Argentina, Mexico withdraw envoys over Nicaragua crackdown

Nicaraguan President Daniel Ortega’s government has arrested 17 opposition figures this month, including five presidential hopefuls.

Critics accuse Nicaraguan President Daniel Ortega of jailing opponents ahead of elections later this year [File: Oswaldo Rivas/Reuters]

Mexico and Argentina have recalled their ambassadors to Nicaragua for consultations in response to President Daniel Ortega’s mounting crackdown on the opposition, a joint statement said on Monday.

Both countries want to consult their ambassadors about “the worrisome political-legal actions taken by the Nicaraguan government in recent days that have put at risk the well-being and freedom of various opposition figures [including presidential pre-candidates], activists and Nicaraguan businessmen,” their foreign ministries said. They want to promote a dialogue with Ortega’s government.

Argentina and Mexico will continue to press for “the full respect and promotion of human rights” as well as civil and political liberties, the statement said.

Mexico and Argentina had broken with others in the region last week in not voting in favour of an Organization of American States resolution condemning more than a dozen recent arrests in Nicaragua of key opposition figures.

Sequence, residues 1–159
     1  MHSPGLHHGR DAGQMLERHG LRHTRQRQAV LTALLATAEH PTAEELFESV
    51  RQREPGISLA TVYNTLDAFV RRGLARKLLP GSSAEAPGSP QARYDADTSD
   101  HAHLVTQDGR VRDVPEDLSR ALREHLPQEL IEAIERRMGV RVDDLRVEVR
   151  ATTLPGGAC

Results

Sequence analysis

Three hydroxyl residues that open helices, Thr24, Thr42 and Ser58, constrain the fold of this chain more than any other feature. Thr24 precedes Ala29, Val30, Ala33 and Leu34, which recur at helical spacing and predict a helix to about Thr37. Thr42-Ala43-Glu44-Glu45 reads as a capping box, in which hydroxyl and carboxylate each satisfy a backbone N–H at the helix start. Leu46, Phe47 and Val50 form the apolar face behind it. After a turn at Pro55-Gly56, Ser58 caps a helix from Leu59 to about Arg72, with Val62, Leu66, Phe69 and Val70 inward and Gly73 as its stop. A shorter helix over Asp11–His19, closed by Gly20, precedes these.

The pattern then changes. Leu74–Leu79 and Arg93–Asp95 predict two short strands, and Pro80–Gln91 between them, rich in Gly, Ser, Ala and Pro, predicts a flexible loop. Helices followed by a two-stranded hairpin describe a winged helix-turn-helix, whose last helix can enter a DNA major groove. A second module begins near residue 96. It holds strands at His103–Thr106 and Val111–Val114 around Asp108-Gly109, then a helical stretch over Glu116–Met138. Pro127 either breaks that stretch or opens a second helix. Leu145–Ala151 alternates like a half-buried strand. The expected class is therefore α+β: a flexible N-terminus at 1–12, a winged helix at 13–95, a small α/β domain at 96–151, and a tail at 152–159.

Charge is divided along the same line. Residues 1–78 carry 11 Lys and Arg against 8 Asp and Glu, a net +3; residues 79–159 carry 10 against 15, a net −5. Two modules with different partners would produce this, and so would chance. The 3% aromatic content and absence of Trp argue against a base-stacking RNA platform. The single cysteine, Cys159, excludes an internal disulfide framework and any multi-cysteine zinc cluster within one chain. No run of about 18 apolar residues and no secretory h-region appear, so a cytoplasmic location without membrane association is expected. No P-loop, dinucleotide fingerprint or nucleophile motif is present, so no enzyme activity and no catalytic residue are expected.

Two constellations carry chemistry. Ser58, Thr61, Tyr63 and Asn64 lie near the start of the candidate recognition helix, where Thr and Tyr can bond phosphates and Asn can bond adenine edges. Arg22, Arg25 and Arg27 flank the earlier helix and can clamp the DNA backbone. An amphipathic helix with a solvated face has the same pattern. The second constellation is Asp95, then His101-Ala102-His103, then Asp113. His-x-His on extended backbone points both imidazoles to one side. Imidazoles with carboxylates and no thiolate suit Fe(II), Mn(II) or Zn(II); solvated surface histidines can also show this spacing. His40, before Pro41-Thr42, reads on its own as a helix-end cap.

They offered to help foster dialogue to resolve the situation in the Central American country, which is scheduled to hold the presidential election in November.

Nicaraguan authorities have arrested 17 opposition figures this month, including five potential presidential candidates, eliciting international condemnation and fresh US sanctions.

On Sunday night, journalist and presidential hopeful Miguel Mora was arrested at his home for “inciting foreign interference in internal affairs and requesting military intervention”, according to authorities.

The Nicaraguan government says the detainees are “usurpers” funded by the United States to topple Ortega.

The 75-year-old governed Nicaragua from 1979 to 1990, returned to power in 2007 and has won two successive re-elections since then.

He is widely expected to seek a fourth term in the upcoming November elections, though he has not yet confirmed that he will.

Source: News Agencies